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Acute Chest Pain: Detailed Management

Acute Chest Pain: Detailed Management

Step 1: History Taking

  1. Acute Myocardial Infarction (MI):

  • Typical pain: Central chest tightness, radiating to the jaw, shoulders, or arms (left or both sides). Worsens with exertion. History of similar episodes or risk factors (coronary disease, hypertension, diabetes, dyslipidemia, chronic kidney disease).

  1. Aortic Dissection:

  • Pain: Sudden, severe, tearing or ripping sensation, often radiating to the back.

  1. Pneumothorax/Pulmonary Embolism (PE):

  • Presentation: Sudden onset dyspnea and sharp chest pain, worsening with deep breaths.

Other Causes:

  • GERD: Deep burning chest pain, lasting 5-60 minutes, worse in lying position, improves with antacids.

  • Esophageal Spasm: Deep chest pain, lasting 5-60 minutes, unrelated to exertion, improves with nitroglycerin.

  • Peptic Ulcer: Epigastric pain lasting hours, improves with food or antacids, EKG usually normal.

  • Biliary Disease: Epigastric pain lasting hours, radiating to the back, worsens postprandially.

  • Musculoskeletal Pain: Localized pain, varies with movement or position, can be specifically located and reproduced by palpation.

  • Hyperventilation: Chest pain lasting 2-3 minutes, deep or tight, associated with rapid breathing and stress.

  • Thyroiditis: Persistent pain, worsens with swallowing, localized to the neck.

Step 2: Physical Examination

  1. Vital Signs: Check blood pressure, pulse, respiratory rate, and oxygen saturation.

  2. Cardiovascular Examination: Listen to heart sounds, palpate pulses, and measure blood pressure in all limbs. Look for signs of pericarditis or aortic dissection.

  3. Respiratory Examination: Observe for accessory muscle use, chest expansion, palpate for crepitus, and listen to lung sounds. Consider pneumothorax or pneumomediastinum.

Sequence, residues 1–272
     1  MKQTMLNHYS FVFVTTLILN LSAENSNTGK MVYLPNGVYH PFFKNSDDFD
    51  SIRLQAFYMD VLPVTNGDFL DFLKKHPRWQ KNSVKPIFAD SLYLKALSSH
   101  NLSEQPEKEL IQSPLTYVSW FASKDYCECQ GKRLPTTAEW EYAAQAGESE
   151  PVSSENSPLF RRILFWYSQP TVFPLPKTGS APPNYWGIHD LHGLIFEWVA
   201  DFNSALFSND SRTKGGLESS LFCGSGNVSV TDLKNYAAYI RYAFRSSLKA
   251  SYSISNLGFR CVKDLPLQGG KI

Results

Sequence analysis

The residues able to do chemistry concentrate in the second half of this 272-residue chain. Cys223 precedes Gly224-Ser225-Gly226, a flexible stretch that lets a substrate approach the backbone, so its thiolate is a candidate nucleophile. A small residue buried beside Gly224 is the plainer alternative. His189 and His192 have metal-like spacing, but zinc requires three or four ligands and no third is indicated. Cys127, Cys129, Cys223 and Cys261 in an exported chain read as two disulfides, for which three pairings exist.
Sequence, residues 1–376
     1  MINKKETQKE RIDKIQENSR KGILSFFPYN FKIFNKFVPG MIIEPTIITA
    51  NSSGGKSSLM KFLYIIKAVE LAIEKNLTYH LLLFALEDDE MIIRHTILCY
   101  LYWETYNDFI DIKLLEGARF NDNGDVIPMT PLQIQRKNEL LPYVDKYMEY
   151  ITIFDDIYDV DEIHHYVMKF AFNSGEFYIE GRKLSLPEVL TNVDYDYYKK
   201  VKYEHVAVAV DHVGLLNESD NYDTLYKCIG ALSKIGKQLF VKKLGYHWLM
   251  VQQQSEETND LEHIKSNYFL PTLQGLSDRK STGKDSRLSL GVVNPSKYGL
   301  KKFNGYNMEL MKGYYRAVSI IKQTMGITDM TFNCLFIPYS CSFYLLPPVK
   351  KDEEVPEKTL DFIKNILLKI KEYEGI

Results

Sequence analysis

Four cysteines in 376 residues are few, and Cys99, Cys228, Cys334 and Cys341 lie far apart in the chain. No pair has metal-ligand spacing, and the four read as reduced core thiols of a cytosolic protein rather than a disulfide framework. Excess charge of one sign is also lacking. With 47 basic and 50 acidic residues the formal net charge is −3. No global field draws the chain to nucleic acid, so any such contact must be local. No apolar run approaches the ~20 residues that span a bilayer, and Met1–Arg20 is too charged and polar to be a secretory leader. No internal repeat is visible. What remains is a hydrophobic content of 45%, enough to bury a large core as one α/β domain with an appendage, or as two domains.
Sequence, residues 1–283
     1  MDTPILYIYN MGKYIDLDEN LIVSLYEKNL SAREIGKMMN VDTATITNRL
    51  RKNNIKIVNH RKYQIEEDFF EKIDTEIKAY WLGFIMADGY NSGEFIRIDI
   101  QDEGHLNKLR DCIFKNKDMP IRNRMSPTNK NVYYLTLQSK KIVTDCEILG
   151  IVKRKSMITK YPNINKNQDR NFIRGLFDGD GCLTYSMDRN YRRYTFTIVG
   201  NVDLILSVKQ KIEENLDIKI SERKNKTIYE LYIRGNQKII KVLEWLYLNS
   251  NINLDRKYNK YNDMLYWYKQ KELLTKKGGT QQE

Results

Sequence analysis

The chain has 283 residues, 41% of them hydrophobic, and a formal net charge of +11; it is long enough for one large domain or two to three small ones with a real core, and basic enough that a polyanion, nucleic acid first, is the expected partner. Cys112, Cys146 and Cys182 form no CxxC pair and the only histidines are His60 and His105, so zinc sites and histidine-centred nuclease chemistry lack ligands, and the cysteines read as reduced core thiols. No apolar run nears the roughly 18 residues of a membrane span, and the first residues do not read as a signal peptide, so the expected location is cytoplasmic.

4. Abdominal Examination: Focus on epigastric and right upper quadrant for cholecystitis, liver abscess, pancreatitis.

Step 3: Investigations

  1. EKG: Perform a 12-lead EKG on all patients. It's critical for diagnosing MI and can aid in diagnosing pulmonary embolism. Remember, a normal EKG does not exclude a cardiac cause.

  2. Chest X-Ray: Indicated if a pulmonary cause is suspected.

Specific Disease Evaluation and Initial Management

  1. Acute Coronary Syndrome:

  • STEMI: ST-Elevation (more than 1 mm except in V2, V3) in 2+ contiguous leads.


  • NSTEMI: Cardiac enzymes rising.

  • Unstable Angina: Cardiac enzymes not rising.

  • Initial Management:

  • Oxygen to keep SpO2 ≥ 90%.

  • Aspirin 325 mg PO chew stat.

  • Clopidogrel 300-600 mg oral stat or Ticagrelor 180 mg oral.

  • Anticoagulants: Unfractionated Heparin (UFH), Low Molecular Weight Heparin (LMWH).

  • Blood pressure control as per hypertensive emergency guidelines.

  1. Aortic Dissection: BP control, pain management, CTA, and surgical consultation.

  2. Pulmonary Embolism:

  • Unstable Vital Signs: Resuscitate following ABCD protocol, echocardiogram or CTA PE protocol, start Unfractionated Heparin 80 unit/kg IV bolus then 18 unit/kg/min drip after confirming PE.

  • Stable Vital Signs: Oxygen supplementation, IV fluids, CTA PE protocol.

In managing acute chest pain, precise history taking, specific physical examination findings, and targeted investigations are essential for accurate diagnosis and appropriate management.

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